The number one thing voters should know is that they must bring an acceptable proof of residence document if they plan to register at the polling place on Election Day, including updating their name or address.
“Election Day registration ensures that everyone who is qualified to vote will get to vote,” said Kevin Kennedy, director and general counsel of the G.A.B. “However, you will need to bring a proof of residence document with you if you want to register on Election Day.”
To register on Election Day, Wisconsin voters must provide proof of residence, which includes a current utility bill, lease, university ID card or other official document showing the voter’s name and current address. A list of acceptable documents is available at http://gab.wi.gov. Before Election Day, you must have lived at your current address for at least 28 days to be eligible to vote, but the proof of residence document does not need to be 28 days old. Voters who have a current, valid Wisconsin driver license or Wisconsin state ID card will be required to use their license or ID number to complete the registration form. Otherwise, they may use the last four digits of their Social Security number.
You can also register to vote before Election Day. Registration in your municipal clerk’s office takes place until 5:00 p.m. on the Friday before the election (August 8, 2014). Remember, you will still need to bring your proof of residence document to register.
Voters who may not be sure whether their registration is current can check their status with their municipal clerk, or on the state’s MyVote Wisconsin website https://myvote.wi.gov . My Vote Wisconsin is also a great resource to find your municipal clerk’s contact information, and your polling place.
Number two on the list is that voters may only vote for candidates of one party in the partisan primary.
Some voters think that they can vote for any candidate in a primary election, but this has not been the case since 1905, when Wisconsin went to a system of partisan primaries. “Unlike the November General Election, the Partisan Primary in August is for voters to nominate who they would like to move on to the November election,” said Kennedy. “But the law says voters can only participate in one party’s primary.”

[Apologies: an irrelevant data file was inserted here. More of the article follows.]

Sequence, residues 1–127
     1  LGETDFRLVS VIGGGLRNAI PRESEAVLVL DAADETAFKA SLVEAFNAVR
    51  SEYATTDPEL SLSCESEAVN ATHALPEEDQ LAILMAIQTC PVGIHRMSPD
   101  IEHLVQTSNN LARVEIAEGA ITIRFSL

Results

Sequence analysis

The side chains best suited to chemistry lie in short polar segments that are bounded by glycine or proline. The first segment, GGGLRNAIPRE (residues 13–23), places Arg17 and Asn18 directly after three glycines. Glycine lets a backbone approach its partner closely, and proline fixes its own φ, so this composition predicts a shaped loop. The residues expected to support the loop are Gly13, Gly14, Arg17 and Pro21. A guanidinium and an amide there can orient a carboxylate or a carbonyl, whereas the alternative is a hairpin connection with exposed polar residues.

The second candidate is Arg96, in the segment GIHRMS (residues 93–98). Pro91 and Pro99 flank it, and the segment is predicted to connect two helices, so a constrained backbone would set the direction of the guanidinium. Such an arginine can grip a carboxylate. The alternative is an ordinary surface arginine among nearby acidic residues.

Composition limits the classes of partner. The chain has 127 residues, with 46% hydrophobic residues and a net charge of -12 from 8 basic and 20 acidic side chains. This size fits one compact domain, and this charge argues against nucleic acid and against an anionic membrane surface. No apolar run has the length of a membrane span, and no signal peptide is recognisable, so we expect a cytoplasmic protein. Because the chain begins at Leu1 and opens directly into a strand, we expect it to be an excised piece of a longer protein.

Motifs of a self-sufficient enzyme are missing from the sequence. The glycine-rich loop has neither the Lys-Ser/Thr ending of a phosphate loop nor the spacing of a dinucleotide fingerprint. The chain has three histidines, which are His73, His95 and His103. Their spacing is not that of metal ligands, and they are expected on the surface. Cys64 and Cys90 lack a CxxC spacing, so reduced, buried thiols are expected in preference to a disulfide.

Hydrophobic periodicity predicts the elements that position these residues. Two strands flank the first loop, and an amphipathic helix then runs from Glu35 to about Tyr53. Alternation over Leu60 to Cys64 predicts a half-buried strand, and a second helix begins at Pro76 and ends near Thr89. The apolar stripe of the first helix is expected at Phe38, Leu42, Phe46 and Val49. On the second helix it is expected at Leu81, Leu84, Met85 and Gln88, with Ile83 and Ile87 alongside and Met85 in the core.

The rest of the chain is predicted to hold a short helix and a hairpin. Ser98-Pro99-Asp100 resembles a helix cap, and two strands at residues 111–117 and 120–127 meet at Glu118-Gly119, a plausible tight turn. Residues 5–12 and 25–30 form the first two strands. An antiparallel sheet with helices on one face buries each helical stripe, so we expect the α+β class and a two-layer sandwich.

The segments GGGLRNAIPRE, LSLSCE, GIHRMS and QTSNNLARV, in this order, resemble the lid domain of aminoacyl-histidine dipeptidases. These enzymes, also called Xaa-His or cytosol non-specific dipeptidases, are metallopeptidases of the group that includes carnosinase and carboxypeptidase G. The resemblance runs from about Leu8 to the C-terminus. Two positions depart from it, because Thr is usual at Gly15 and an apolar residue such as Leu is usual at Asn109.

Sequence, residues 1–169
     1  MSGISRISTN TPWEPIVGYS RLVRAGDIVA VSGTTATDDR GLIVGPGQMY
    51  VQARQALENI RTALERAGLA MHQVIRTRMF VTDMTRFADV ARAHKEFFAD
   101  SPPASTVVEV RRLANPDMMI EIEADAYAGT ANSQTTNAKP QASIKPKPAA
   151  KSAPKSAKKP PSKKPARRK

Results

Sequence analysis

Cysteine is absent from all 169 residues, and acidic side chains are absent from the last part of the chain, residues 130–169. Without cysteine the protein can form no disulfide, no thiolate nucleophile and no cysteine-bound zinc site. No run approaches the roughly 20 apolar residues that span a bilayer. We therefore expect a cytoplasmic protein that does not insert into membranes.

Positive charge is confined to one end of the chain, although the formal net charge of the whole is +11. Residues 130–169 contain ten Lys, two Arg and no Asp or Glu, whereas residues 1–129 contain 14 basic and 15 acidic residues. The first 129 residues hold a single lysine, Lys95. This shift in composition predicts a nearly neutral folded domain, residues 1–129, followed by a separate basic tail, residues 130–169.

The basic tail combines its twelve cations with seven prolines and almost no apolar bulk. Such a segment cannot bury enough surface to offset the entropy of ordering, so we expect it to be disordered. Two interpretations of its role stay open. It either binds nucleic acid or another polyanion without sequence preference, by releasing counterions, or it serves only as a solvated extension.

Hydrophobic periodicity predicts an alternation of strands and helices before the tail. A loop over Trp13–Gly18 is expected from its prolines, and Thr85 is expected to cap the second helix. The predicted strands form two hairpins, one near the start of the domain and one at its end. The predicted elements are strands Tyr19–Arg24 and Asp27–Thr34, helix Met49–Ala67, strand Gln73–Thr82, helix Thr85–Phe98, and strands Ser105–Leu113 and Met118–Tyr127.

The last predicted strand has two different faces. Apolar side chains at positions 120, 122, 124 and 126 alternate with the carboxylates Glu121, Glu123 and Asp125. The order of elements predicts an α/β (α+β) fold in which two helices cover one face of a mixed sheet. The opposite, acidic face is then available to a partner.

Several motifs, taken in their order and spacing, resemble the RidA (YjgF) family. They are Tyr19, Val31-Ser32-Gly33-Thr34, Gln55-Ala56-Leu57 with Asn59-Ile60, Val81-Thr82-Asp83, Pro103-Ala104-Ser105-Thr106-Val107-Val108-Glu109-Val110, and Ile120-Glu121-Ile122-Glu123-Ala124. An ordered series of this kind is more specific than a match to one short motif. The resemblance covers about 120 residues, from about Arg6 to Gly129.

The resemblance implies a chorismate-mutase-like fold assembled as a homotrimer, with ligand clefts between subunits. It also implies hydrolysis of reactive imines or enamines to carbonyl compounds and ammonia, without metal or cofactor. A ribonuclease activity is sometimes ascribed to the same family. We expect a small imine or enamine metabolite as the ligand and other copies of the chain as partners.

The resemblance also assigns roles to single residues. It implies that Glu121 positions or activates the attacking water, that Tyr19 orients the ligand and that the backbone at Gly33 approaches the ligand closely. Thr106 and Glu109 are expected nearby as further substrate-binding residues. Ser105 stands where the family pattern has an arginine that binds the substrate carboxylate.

Elections Division Administrator Michael Hass reminds voters that if your municipality has electronic voting equipment, it is programed to reject ballots with crossover votes. “If you make a mistake and vote in multiple parties, ask a poll worker for a new ballot. You may do this up to three times,” Haas said.
Number three is that voters do not have to show a photo ID to receive a primary ballot on August 12.
Even though the Wisconsin Supreme Court recently ruled that the state’s Voter Photo ID Law is constitutional, there is a separate federal court order blocking it. Any Wisconsin election official who requests a photo ID from a voter in order to receive a ballot would violate that federal court order.
Wisconsin’s Attorney General has announced that he plans to seek reinstatement of Voter Photo ID in a federal appeals court, but such a reversal is extremely unlikely for the August 12 Partisan Primary, Kennedy said.
“If the federal court order blocking the Voter Photo ID Law is overturned before the November 4 General Election, the G.A.B. will notify the public and local election officials,” Kennedy said.
For more information about the current state of the Voter Photo ID Law, visit the G.A.B. website: http://gab.wi.gov/elections-voting/photo-id.
The remainder of the Top 10 things voters should know are:
You can also request a ballot by mail. All requests must be received by your municipal clerk no later than 5:00 p.m. on the Thursday before the election (August 7, 2014). To find your municipal clerk’s contact information and an absentee ballot request form please visit https://myvote.wi.gov .
Complaints or issues that are not resolved to the voter’s satisfaction should be reported to the G.A.B. Voters can go online and report problems at http://gab.wi.gov/complaints or they can call 1-866-VOTE-WIS.